South Australian Museum | rank: 6/10
Home for many Ediacaran fossils.
| rank: 6/10
Online catalogue and research inquiry service. Information on South Australian history, including timeline of women's suffrage, Mary Lee, suffragette,
Welcome to The Art Gallery of South Australia | rank: 6/10
Features information on the collections, exhibitions, education, membership programs and images from the collection. Adelaide.
Welcome to the South Australian Folk Centre | rank: 5/10
The Folk Federation of South Australia welcomes you

South Australia sport

Useful links:

South Australian Jockey Club | rank: 4/10
Adelaide city club for Morphettville, Cheltenham Park and Victoria Park. Includes local racing information, membership and sponsorship details and contacts.

South Australia main attractions

  • Kangaroo Island
  • Nullarbor Plain
  • Victor Harbour
  • whale watching
  • Flinders Ranges
  • Blue Lake - Mt Gambier
  • opal fields
  • The Barrages at Goolwa
  • Vineyards in Barossa Valley
  • Grand Prix motor car race
  • Moonta and Burra Burra copper mine sites

The Barossa Valley (North of Adelaide) produces over half of Australia's wine. A large number of German immigrants settled in this area in the 1840s and their fascinating history can be explored through the local museum, the architecture and the food on offer.

Kangaroo Island, a great natural habitat, is a short flight or ferry trip south from Adelaide. Visitors to the island delight in seeing kangaroos, wallabies, platypus, koalas, seals, echidna and a wide variety of plants.

Useful links:

South Australian holidays, travel and tourism : South Australia | rank: 6/10
Official information on travel, tours, accommodation, events, attractions, tours and transport in Adelaide and South Australia.
The Official Corporate Website for the South Australian Tourism | rank: 6/10
Welcome to the official Corporate Website for the South Australian Tourism Commission. Featuring South Australian media releases, latest news, employment,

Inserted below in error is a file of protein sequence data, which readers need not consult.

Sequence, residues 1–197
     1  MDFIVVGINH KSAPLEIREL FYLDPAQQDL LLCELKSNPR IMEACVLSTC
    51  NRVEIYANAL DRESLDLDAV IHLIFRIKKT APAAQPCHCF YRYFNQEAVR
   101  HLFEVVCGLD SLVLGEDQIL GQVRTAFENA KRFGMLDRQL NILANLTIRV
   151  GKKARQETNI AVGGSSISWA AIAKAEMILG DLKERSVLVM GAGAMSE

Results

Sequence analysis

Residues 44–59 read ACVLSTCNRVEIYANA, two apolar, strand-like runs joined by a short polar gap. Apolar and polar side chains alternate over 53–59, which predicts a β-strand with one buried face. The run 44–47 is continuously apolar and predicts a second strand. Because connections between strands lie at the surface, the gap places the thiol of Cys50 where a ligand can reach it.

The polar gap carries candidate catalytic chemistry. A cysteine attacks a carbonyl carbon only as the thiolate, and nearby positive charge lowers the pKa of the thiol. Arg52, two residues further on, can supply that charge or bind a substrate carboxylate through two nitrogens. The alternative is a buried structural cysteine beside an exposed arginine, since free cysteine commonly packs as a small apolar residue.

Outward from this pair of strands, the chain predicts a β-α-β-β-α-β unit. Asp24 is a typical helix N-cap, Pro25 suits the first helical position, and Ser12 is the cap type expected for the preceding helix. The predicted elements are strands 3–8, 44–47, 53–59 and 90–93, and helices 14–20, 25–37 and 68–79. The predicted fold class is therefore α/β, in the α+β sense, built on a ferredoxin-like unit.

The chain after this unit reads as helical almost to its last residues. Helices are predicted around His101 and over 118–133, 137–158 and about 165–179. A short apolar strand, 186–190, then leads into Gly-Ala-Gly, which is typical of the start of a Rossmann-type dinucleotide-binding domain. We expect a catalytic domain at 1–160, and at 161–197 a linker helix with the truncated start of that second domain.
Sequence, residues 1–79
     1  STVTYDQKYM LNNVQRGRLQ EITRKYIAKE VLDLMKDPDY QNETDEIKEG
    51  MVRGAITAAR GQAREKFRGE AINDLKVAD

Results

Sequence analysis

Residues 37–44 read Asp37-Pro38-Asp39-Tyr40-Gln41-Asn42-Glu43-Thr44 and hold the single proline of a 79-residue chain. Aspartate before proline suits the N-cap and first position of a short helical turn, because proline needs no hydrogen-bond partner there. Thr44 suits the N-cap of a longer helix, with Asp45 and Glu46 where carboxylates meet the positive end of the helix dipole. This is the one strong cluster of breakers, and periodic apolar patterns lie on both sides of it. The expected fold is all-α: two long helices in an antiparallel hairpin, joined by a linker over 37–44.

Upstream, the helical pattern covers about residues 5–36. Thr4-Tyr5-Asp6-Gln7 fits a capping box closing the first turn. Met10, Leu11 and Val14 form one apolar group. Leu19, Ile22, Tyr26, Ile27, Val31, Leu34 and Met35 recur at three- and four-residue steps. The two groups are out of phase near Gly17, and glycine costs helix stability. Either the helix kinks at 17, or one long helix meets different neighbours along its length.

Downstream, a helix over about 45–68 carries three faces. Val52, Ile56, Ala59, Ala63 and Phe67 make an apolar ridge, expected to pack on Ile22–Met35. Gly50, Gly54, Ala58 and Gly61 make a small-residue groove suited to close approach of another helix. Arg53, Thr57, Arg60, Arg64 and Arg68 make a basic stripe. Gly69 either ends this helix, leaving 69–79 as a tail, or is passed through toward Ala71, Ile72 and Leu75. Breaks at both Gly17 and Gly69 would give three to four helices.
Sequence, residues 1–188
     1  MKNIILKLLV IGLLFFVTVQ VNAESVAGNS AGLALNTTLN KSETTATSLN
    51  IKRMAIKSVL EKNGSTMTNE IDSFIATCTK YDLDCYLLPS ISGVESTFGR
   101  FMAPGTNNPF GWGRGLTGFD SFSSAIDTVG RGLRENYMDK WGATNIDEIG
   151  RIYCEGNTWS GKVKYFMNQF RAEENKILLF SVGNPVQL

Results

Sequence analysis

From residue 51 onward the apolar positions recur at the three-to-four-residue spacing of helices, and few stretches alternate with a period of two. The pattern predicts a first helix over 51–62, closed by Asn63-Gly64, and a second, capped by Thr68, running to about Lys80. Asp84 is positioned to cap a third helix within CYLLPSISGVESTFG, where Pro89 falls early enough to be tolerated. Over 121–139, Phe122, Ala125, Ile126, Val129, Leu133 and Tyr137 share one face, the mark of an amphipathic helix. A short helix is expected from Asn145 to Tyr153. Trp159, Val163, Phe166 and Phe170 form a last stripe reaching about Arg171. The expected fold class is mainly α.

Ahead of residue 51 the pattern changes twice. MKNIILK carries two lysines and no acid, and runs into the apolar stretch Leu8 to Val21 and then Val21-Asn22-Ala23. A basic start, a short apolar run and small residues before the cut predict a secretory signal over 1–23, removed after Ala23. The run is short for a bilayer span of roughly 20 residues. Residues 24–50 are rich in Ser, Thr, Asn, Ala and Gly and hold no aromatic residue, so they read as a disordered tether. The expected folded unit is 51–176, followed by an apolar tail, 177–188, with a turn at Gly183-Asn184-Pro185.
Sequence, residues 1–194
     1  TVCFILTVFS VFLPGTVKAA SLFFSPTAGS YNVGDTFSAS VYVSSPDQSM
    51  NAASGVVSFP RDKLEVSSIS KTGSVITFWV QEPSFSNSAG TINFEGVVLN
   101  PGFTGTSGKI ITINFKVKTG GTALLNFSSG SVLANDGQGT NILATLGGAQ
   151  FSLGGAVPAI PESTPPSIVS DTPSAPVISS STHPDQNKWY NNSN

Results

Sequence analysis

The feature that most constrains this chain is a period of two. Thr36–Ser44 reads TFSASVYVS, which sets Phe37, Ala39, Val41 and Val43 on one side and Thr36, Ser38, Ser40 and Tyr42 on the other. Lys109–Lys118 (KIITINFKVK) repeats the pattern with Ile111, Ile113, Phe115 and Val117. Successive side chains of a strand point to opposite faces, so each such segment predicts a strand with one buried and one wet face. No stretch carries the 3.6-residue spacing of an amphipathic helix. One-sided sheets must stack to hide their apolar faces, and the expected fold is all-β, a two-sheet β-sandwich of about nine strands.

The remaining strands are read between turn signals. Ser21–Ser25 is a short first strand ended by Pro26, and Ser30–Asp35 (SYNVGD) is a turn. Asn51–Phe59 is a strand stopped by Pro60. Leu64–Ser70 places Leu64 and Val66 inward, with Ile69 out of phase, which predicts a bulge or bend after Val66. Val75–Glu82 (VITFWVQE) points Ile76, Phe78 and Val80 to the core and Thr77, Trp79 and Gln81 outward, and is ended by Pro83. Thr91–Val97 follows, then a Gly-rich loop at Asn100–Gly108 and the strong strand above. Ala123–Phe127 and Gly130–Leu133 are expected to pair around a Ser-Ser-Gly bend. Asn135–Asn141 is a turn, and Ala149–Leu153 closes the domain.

Welcome to Western Australia - Tourism Western Australia | rank: 7/10
Information on travel, tourism, accommodation, events and everything you need to plan your holiday or vacation to Western Australia.
Travel South Australia travel guide SA - Australian Tourism Net | rank: 5/10
Travel guide to South Australia tourism, travel and leisure.

South Australia capital

South Australia capital is Adelaide, and is known for its relaxed lifestyle and beautiful park location. A small city, it is situated beside the Torrens River. It offers lots of attractions with a beautiful city beaches, museums, art galleries, shopping and much more.

The Art Gallery of South Australia houses the South Australia's collection of Australian, European and Asian art.

The Botanic Garden contains many heritage buildings, such as the old glasshouse, the Museum of Economic Botany and the Bicentennial Conservatory with tropical plants from the Asia-Pacific region. Neighbouring to the Rose Garden is the new National Wine Centre, an interpretative, educational and entertaining complex that promotes Australian wine regions and their produce. Using the latest in technology, visitors are taken on a journey through the history of wine.

The Migration Museum at 82 Kintore Avenue tells the fascinating story of migrants who have settled in South Australia and the impact they have had on the state's way of life.